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Energy Balance Climate Models

Book Description

Written by renowned experts in the field, this first book to focus exclusively on energy balance climate models provides a concise overview of the topic. It covers all major aspects, from the simplest zero-dimensional models, proceeding to horizontally and vertically resolved models.
The text begins with global average models, which are explored in terms of their elementary forms yielding the global average temperature, right up to the incorporation of feedback mechanisms and some analytical properties of interest. The effect of stochastic forcing is then used to introduce natural variability in the models before turning to the concept of stability theory. Other one dimensional or zonally averaged models are subsequently presented, along with various applications, including chapters on paleoclimatology, the inception of continental glaciations, detection of signals in the climate system, and optimal estimation of large scale quantities from point scale data. Throughout the book, the authors work on two mathematical levels: qualitative physical expositions of the subject material plus optional mathematical sections that include derivations and treatments of the equations along with some proofs of stability theorems.
A must-have introduction for policy makers, environmental agencies, and NGOs, as well as climatologists, molecular physicists, and meteorologists.


Table of Contents

  1. Wiley Series in Atmospheric Physics and Remote Sensing
  2. Title Page
  3. Copyright
  4. Dedication
  5. Preface
  6. Chapter 1: Climate and Climate Models
    1. 1.1 Defining Climate
    2. 1.2 Elementary Climate System Anatomy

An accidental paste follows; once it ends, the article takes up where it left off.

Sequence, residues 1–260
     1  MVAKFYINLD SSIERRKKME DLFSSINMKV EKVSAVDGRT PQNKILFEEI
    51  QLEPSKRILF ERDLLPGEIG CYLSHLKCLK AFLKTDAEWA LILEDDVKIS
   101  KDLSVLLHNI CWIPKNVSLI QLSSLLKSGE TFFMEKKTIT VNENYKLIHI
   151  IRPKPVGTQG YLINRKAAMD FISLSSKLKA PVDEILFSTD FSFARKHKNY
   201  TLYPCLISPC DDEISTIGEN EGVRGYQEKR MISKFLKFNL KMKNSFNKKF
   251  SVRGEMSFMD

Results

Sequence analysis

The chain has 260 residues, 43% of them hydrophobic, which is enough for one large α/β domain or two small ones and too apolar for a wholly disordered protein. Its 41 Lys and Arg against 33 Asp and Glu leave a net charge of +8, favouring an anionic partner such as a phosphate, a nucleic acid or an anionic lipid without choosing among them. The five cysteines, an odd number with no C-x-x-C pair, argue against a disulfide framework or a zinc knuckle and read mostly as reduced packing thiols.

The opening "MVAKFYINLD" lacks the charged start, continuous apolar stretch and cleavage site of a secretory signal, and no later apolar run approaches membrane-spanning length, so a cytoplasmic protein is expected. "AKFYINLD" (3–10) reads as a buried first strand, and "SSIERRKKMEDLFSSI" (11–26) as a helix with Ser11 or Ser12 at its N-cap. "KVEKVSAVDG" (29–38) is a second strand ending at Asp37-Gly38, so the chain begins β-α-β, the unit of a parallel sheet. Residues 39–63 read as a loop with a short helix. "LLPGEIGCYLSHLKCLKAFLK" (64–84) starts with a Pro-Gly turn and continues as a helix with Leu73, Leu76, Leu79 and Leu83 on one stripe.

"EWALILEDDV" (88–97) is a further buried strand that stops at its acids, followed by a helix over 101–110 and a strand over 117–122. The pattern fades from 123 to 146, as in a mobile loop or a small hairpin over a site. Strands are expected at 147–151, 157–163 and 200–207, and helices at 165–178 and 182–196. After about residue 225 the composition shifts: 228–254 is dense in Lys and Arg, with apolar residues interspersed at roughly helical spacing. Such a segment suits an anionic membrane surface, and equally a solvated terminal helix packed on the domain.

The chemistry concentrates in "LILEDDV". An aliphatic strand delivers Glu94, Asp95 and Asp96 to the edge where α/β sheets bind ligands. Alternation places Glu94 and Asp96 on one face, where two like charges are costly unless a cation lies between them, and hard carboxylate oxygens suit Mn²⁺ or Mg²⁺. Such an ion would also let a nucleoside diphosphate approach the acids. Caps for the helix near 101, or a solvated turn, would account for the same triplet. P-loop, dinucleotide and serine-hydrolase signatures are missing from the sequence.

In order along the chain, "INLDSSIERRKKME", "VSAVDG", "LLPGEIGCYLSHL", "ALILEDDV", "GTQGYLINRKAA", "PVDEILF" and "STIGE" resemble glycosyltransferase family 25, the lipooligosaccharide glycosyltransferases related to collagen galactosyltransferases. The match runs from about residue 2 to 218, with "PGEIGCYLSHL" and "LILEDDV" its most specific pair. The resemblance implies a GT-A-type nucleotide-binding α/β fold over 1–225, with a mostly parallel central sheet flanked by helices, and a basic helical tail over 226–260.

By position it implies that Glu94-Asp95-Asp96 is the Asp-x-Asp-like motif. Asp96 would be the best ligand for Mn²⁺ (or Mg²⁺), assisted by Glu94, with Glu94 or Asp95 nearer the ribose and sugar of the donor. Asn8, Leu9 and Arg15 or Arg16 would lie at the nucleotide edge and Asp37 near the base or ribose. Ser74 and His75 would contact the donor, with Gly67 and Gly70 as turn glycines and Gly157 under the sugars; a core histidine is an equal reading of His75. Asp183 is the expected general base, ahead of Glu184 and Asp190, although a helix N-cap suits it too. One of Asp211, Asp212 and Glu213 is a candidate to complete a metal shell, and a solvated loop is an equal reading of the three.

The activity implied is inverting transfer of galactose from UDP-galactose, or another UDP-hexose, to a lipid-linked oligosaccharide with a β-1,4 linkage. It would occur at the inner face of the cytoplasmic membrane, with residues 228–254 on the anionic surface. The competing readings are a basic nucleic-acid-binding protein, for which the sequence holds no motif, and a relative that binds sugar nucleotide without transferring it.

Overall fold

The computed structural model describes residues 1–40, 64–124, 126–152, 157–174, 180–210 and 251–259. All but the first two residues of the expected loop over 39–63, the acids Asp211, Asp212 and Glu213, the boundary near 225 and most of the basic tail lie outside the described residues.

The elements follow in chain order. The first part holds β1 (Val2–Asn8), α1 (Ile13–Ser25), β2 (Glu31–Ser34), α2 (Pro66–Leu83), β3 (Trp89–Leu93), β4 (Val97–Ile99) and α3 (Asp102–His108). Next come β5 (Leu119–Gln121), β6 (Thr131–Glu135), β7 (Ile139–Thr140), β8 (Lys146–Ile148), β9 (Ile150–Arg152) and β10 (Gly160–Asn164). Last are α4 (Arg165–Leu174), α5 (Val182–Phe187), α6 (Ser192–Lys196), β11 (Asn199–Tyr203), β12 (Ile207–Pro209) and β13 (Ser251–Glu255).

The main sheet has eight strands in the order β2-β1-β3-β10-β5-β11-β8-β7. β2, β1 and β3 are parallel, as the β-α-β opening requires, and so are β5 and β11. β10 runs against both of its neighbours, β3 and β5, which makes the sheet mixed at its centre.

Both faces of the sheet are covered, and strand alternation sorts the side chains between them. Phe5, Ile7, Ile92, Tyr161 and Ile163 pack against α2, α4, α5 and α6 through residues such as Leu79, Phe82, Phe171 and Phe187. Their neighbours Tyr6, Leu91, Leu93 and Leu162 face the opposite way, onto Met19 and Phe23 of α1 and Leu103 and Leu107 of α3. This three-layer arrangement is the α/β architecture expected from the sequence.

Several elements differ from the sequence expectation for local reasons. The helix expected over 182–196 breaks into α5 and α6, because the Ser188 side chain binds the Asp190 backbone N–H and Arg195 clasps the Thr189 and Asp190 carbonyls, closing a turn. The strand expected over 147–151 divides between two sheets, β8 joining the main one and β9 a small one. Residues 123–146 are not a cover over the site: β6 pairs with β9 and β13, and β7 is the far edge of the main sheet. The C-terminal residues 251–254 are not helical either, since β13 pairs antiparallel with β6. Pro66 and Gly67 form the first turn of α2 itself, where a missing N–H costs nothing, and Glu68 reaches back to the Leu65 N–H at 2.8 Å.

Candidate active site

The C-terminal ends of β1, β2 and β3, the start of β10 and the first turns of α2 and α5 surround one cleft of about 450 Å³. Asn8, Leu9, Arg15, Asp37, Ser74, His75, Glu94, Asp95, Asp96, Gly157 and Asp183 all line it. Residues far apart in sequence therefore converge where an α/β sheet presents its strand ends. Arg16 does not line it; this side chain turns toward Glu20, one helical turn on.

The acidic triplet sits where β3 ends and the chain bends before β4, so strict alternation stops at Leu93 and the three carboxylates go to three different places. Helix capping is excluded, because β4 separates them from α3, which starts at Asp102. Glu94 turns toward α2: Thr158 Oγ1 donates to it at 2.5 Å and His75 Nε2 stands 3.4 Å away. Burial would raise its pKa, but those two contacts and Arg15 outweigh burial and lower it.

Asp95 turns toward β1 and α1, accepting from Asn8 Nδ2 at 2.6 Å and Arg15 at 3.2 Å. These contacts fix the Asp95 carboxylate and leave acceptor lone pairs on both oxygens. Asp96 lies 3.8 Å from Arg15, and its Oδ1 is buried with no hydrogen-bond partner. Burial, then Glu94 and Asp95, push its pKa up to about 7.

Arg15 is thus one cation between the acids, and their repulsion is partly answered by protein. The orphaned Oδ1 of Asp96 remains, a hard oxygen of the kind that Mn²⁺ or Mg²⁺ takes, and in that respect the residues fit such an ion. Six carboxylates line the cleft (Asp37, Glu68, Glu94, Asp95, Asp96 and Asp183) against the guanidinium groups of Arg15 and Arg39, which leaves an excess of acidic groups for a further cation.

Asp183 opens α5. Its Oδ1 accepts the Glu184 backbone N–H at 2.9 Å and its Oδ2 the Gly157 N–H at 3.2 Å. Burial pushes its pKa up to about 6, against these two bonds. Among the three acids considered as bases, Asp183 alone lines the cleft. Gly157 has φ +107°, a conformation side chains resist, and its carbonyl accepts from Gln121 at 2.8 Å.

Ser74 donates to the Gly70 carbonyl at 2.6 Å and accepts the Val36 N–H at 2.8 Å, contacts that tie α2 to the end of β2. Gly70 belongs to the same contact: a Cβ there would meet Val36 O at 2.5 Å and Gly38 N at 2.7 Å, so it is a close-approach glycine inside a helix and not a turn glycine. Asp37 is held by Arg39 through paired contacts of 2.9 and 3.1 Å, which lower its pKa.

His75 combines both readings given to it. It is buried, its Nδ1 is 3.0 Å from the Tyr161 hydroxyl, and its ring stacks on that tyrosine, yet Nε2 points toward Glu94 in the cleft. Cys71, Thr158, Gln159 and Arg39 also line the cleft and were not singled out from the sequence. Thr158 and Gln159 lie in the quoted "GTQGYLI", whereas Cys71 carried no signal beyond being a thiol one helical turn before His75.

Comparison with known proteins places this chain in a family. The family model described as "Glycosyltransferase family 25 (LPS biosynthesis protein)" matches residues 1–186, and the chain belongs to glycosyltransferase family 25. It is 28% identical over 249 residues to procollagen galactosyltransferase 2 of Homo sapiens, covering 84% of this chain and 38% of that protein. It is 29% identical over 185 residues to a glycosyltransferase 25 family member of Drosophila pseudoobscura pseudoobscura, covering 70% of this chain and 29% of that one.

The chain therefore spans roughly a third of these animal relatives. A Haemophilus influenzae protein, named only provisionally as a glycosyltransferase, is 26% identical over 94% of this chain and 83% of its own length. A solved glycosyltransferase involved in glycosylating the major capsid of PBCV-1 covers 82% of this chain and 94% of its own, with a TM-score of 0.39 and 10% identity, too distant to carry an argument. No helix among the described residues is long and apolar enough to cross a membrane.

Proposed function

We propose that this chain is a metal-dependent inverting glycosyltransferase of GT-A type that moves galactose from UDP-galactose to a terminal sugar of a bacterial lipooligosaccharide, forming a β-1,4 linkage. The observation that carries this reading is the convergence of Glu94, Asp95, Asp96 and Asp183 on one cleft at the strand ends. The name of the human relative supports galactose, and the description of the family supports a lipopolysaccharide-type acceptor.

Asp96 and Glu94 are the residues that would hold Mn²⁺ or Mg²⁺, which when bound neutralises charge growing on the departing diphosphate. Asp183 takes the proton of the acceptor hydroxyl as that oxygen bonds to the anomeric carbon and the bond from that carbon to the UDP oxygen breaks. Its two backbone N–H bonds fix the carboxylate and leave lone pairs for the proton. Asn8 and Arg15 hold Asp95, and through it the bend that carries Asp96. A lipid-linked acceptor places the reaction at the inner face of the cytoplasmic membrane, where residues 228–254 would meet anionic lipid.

3. 1.3 Radiation and Climate
    4. 1.4 Hierarchy of Climate Models
    5. 1.5 Greenhouse Effect and Modern Climate Change
    6. 1.6 Reading This Book
    7. 1.7 Cautionary Note and Disclaimer
    8. Notes on Further Reading
  7. Chapter 2: Global Average Models
    1. 2.1 Temperature and Heat Balance
    2. 2.2 Time Dependence
    3. 2.3 Spectral Analysis
    4. 2.4 Nonlinear Global Model
    5. 2.5 Summary
    6. Suggestions for Further Reading
  8. Chapter 3: Radiation and Vertical Structure
    1. 3.1 Radiance and Radiation Flux Density
    2. 3.2 Equation of Transfer
    3. 3.3 Gray Atmosphere
    4. 3.4 Plane-Parallel Atmosphere
    5. 3.5 Radiative Equilibrium
    6. 3.6 Simplified Model for Water Vapor Absorber
    7. 3.7 Cooling Rates
    8. 3.8 Solutions for Uniform-Slab Absorbers
    9. 3.9 Vertical Heat Conduction
    10. 3.10 Convective Adjustment Models
    11. 3.11 Lessons from Simple Radiation Models
    12. 3.12 Criticism of the Gray Spectrum
    13. 3.13 Aerosol Particles
    14. Notes for Further Reading
  9. Chapter 4: Greenhouse Effect and Climate Feedbacks
    1. 4.1 Greenhouse Effect without Feedbacks
    2. 4.2 Infrared Spectra of Outgoing Radiation
    3. 4.3 Summary of Assumptions and Simplifications
    4. 4.4 Log Dependence of the Forcing
    5. 4.5 Runaway Greenhouse Effect
    6. 4.6 Climate Feedbacks and Climate Sensitivity
    7. 4.7 Water Vapor Feedback
    8. 4.8 Ice Feedback for the Global Model
    9. 4.9 Probability Density of Climate Sensitivity
    10. 4.10 Middle Atmosphere Temperature Profile
    11. 4.11 Conclusion
    12. Notes for Further Reading
    13. Exercises
  10. Chapter 5: Latitude Dependence
    1. 5.1 Spherical Coordinates
    2. 5.2 Incoming Solar Radiation
    3. 5.3 Extreme Heat Transport Cases